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Some of these pictures, thanks to well-placed cuts and clever camera movements, only look unedited. The best-known of these comes from no less a craftsman than Alfred Hitchcock, who built 1948's Rope out of ten seemingly cut-free segments, each internal splice meticulously disguised. Twelve years later, he would make his most overt and memorable use of editing in Psycho . In the clip at the top of this post , Hitchcock himself explains the importance of editing — or, in his preferred term, assembly . He breaks down the structure of Psycho 's famous shower scene . "Now, as you know, you could not take the camera and just show a nude woman being stabbed to death. It had to be done impressionistically. It was done with little pieces of the film: the head, the hand, parts of the torso, shadow on the curtain, the shower itself. In that scene there were 78 pieces of film in about 45 seconds." Say what you will about the content-restricting Hays Code ; its limitations could sometimes drive to new heights the visual creativity of our best cinematic minds.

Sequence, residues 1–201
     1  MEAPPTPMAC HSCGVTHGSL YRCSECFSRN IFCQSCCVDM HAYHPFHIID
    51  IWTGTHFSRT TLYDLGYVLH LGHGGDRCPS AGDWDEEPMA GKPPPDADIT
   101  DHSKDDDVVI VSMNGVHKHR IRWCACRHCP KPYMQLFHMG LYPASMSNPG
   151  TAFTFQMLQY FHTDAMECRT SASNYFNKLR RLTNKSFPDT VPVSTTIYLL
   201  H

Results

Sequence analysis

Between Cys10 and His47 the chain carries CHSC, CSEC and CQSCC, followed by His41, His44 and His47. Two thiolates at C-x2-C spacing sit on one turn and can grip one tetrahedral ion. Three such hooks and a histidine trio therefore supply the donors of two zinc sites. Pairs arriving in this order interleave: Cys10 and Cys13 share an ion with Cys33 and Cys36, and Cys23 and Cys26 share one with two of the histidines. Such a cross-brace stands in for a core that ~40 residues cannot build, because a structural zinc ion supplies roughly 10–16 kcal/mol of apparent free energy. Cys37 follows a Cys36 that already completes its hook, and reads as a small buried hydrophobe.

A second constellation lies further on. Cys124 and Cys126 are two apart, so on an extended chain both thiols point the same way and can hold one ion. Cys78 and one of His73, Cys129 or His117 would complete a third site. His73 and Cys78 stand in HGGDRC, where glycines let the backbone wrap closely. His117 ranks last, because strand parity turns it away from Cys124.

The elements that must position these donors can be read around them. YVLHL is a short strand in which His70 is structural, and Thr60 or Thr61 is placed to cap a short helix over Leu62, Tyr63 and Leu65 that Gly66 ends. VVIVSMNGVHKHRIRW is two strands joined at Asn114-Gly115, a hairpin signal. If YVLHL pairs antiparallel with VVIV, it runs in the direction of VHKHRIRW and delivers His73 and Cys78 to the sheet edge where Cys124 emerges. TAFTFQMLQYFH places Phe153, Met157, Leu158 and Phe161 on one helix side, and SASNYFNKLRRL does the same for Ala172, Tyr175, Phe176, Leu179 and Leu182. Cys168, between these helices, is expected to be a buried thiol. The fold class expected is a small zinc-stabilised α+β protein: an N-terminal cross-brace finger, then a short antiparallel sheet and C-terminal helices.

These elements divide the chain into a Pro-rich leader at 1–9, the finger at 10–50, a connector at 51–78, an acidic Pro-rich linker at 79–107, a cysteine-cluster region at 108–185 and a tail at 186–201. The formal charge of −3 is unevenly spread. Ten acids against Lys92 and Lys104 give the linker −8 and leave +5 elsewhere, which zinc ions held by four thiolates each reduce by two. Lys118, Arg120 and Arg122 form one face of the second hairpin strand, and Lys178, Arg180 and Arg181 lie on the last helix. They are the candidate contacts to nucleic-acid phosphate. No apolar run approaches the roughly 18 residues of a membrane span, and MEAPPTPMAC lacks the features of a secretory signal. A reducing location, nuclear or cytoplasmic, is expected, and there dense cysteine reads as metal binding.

When Psycho hit theaters, Hitchcock controlled the promotion . The stars -- Anthony Perkins and Janet Leigh -- didn't make the usual rounds in the media. Critics weren't given private screenings. And Hitchcock created buzz for the film when he exerted directorial control over the viewing experience of the audience. Showings of the film began on a tightly-controlled schedule in theatres in New York, Chicago, Boston, and Philadelphia. And a firm "no late admission" policy was put in place. You either saw the film from the very beginning, or you didn't see it all. Signs appeared in front of cinemas reading: